I show concerned parents who want to give their children the best start to life how to better understand their children.

9 Apr 2013

What makes you an expert in your field?

A friend asked me, "What makes you an expert in your field?" It’s a simple question on the surface. One could easily say, "You’re an expert once your gained 10,000 hours of proficiency in the task," as defined by Malcolm Galdwell in his book Outliers. That’s a decent answer. However, I think it’s a little more complicated than that.

In some disciplines, the 10,000-hour rule applies perfectly. Activities like dancing and sports. You have to practise, practise, and practise to become amazing at it. (Look out for my blog on Burn the Floor – It was amazing!)

Now, our chat was more on the creativity side. My personal view is that we are all creative. We don’t need to gain our 10,000 hours. All we need to do is create. Often society represses creativity. People tell us that we are weird or those colors don’t go together. However, that doesn’t matter because it’s part of a process: a means to an end.

Whenever newspaper reporters interview me they always ask, "What advice do I have for writers?" My answer is always the same: I carry around a book in which I can write and whenever ideas pop into my head, I write them down. People always say to me, "You never seem to get writes block." It’s because I don’t let those ideas go to waste.

Don’t throw away your creativity. You may need some special training to become an expert in a design program, a specific discipline or with a specialized tool. However, I believe we are all experts in creativity. It lives within us. Just let it out. Once out, let it grow. Dance more, write more, draw and paint more. Of course, the negative side of this adopting this process is when people ask you to write something spontaneously, on occasion, nothing comes out. I’d imagine comedians are often in similar situations. Members of the public probably often ask comedians to tell them a joke:

"Tell me a joke, now!"

"Ummmm… A Jew and a Rabi walk into a bar... and ummmmm... the Rabi drops some money..."

Of course, I do not hold this against the people who do ask, I thank them for it. It makes for some interesting conversation. It keeps me on my toes and helps me to expand my process.

I have to wonder, does the term expert even help society though? It has the ability to segregate, especially on subjective matters. I find the notion of defining an expert by a predefined set of criteria limiting, because often human beings will judge the title of the person and not the information that the person is presenting them. Look at celebrity sponsorships. When a celebrity is paid (notice paid, they are paid!) to sponsor a product, its sales usually go through the roof. Is the celebrity really an expert in that field? Often the answer is no. In addition, look at Twitter. I saw a Tweet from a celebrity be re-tweeted 52 times. It was mildly interesting, some random comment similar to what I sometimes say. Except when I say things like that, people look at me like I should be in a strait-jacket and I’m craaaazy. Later on, I saw a tweet offering information on college scholarships. Now I want you to have a guess at how many times that bite of information was re-tweeted? Guess… One; it was me!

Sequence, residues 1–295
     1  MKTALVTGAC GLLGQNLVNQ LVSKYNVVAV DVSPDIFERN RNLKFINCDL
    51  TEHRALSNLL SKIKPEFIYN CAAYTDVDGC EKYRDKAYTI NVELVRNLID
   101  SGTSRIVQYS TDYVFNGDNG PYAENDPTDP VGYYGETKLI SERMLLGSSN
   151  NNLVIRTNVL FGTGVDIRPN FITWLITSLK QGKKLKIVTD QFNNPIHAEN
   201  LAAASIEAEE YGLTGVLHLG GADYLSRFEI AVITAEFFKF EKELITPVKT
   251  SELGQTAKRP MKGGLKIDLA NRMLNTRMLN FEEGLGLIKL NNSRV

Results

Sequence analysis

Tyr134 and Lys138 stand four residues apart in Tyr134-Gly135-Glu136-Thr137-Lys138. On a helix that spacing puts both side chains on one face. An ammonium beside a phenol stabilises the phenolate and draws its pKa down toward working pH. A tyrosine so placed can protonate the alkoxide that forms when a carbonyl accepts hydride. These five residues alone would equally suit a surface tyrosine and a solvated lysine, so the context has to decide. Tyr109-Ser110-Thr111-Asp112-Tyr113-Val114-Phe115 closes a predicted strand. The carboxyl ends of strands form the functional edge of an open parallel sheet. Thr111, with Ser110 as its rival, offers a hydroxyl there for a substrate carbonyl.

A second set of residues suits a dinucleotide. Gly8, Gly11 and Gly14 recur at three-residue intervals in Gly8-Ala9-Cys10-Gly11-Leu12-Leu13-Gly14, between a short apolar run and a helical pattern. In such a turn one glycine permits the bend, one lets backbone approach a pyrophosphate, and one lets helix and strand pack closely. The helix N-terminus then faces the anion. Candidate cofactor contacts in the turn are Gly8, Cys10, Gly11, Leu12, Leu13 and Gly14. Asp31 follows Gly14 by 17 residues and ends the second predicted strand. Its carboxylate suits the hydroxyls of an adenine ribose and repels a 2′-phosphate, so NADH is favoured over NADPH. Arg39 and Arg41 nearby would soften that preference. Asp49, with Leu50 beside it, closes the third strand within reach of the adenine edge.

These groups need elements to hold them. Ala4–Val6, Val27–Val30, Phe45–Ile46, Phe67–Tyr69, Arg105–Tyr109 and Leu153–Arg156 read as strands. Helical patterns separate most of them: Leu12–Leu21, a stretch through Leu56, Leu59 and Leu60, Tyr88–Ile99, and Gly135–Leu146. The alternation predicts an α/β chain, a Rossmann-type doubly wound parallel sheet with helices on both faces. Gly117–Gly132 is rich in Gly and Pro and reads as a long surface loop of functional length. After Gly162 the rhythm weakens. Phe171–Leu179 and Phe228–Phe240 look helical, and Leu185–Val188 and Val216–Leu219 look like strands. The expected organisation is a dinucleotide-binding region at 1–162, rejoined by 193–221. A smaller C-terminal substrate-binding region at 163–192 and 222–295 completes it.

Now I have purposefully left this article a little unedited and un-concluded, as it’s part of the process. Let’s say the process involves you. What do you think?

I show concerned parents who want to give their children the best start to life
how to better understand their children.
And I show people who are facing difficulties that they are not alone.

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I show concerned parents who want to give their children the best start to life
how to better understand their children.
And I show people who are facing difficulties that they are not alone

2 comments:

  1. As a ballroom dancer, I'm glad to hear Burn the Floor is awesome! It's nice to know the show does dancers proud. It's strange to think what it takes to be called an expert, and I've often pondered what makes someone an expert. I recently blogged about how people can be called an "expert" because of a college degree when they made C's in all their classes, yet those who might know more than them are often passed over for jobs because they are self-taught. It's an interesting discussion.

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  2. Wow, what you said now Colby made such an impact.

    It's such a good way of articulating that.

    I personally don't believe in degrees etc., and you are very right.

    A person with a degree that just scraped through or got a bunch of C's has nothing on the person who is self-taught and does the job everyday.


    Thank you Colby
    Have an awesome day.

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